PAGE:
What does a hung parliament mean for the UK?
Theresa May called an election to secure her mandate as leader of the Conservative Party and Prime Minister. However, rather than cementing an overall majority, the UK is now left with a Hung Parliament. Here is our guide for what could happen next.
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Conservatives form a New Minority Government with Theresa May as PMThe Queen has a constitutional duty to summon the leader that is most likely to command a majority in parliament, which in this case looks as though it is the Conservative party. Theresa May will have two weeks to present a new Queen’s Speech outlining the government’s legislative agenda, which will be debated in Parliament. This debate and vote on the Queen’s Speech will demonstrate whether she can command a majority of MPs. However, if the Queen’s Speech is defeated, Theresa May would have to resign as Prime Minister.
Conservatives reach a parliamentary deal with the Democratic UnionistsThe right-wing DUP from Northern Ireland now have 10 seats and are likely to agree to support a minority Conservative government, though neither party are likely to want a formal coalition. This would give the Conservatives a working majority of 13-15 seats in the House of Commons. Coalition negotiations can sometimes take weeks. However, given the history of the two parties working with each other, a deal is likely to be reached before the end of the weekend. But, this will not guarantee that the UK has a “strong and stable” position for the Brexit negotiations given likely tensions between the hardline pro-Brexit DUP and more moderate Conservative MPs.
Theresa May stands down as Party Leader but the Conservatives continue in GovernmentIn this scenario, Theresa May will stay in charge as Prime Minister until a new leader is chosen by the Conservative party. It is unlikely that this will happen in the short-term. However, given that May’s authority has now been severely damaged she is likely to stand down before the next election and this could happen as early as the Autumn this year. Even if there is a new Prime Minister, there would not need to be a new Queen’s Speech. If this were to happen, it is highly likely that a new Prime Minister would face a Confidence Vote, in order to win the approval of MPs – this could be called either by the government or the opposition.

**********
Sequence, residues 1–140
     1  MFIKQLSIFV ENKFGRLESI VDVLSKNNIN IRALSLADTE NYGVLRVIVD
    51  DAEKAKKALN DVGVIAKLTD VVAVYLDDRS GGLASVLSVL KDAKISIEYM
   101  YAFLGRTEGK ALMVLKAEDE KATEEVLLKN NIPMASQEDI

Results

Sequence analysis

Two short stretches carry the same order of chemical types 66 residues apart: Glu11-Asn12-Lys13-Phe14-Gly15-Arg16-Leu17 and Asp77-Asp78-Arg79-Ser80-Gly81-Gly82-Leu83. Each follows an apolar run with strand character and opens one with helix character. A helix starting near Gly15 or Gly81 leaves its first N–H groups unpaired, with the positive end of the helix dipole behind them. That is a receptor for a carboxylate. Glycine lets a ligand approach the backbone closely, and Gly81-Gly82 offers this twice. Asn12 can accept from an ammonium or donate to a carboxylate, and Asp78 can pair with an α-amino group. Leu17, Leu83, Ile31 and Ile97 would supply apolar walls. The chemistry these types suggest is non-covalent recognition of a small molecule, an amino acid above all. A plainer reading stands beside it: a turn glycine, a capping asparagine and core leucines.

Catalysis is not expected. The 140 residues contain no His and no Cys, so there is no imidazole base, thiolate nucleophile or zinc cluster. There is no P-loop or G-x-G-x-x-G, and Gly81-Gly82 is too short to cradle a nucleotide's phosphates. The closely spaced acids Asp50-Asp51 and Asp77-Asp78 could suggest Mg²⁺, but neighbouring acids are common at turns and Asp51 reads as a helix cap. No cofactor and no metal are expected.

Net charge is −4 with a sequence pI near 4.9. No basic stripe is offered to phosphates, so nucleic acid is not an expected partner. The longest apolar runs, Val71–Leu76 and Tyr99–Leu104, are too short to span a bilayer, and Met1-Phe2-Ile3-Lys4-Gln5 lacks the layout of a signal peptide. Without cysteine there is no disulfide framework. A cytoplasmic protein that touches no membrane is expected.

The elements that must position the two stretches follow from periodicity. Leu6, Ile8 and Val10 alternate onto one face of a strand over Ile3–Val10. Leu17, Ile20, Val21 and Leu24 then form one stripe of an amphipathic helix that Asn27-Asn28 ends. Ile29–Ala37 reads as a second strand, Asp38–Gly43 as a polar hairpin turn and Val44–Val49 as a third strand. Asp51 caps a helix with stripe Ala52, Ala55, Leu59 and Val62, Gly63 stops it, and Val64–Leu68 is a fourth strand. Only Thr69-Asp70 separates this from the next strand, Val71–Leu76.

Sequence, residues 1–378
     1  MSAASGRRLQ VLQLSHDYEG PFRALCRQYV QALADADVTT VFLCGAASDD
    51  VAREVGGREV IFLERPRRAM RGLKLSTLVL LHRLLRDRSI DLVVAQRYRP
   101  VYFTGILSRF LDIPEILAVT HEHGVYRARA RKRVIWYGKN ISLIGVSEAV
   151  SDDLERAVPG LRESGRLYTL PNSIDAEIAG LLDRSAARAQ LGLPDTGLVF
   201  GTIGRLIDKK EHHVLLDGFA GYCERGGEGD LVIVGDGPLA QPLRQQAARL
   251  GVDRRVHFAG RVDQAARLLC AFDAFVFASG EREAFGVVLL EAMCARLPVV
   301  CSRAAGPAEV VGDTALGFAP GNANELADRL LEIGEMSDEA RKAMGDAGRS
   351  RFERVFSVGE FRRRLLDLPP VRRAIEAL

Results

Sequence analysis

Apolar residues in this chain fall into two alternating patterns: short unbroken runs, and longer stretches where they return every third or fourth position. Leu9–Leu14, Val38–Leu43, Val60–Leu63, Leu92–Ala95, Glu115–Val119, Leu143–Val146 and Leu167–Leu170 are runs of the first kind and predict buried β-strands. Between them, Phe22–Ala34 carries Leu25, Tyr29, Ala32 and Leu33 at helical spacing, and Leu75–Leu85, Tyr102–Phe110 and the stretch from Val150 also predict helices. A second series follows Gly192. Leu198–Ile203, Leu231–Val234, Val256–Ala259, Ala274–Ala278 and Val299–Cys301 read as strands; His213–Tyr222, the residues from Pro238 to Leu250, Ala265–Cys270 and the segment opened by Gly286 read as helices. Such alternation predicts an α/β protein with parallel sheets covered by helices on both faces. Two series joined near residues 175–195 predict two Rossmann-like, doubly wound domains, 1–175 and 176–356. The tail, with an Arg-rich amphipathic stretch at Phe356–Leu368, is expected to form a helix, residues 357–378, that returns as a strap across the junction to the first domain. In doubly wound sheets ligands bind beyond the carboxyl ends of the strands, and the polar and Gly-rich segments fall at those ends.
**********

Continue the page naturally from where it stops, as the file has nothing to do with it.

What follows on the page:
Labour forms a minority or coalition GovernmentGiven that the Tories are so close to having a majority of seats on their own, and have 50 more seats than Labour, they will be asked to try and form a Government first. Jeremy Corbyn would only be given the chance to form a government if the Conservatives lose the vote on their Queen’s Speech. Like the Conservatives, a new Labour Government would have to win a vote on its Queen’s Speech. Given that the Tories and the DUP between them have a majority of seats, Labour could only win a vote if the DUP switched to them or abstained – this is highly unlikely given Jeremy Corbyn’s long-standing support for a United Ireland. If Labour lost the vote on its Queen’s Speech this would trigger another early election as there would be no other viable candidates to lead a new Government.
WILL THERE BE ANOTHER GENERAL ELECTION?Another general election taking place within the next 18 months is not out of the question, however it is not as simple as some may suggest. This is because Britain now has five-year Fixed Term Parliaments. Therefore, Parliament can now only be dissolved under two circumstances:
- If neither the Conservatives nor the Labour Party were able to win majority support for their agendas in the House of Commons
- That two-thirds of MPs vote for an early election – while Labour supported Theresa May’s motion to dissolve the last Parliament in April, they are unlikely to do so now given that if a Conservative led government were to fall Jeremy Corbyn would seek to be appointed as the new Prime Minister without a General Election.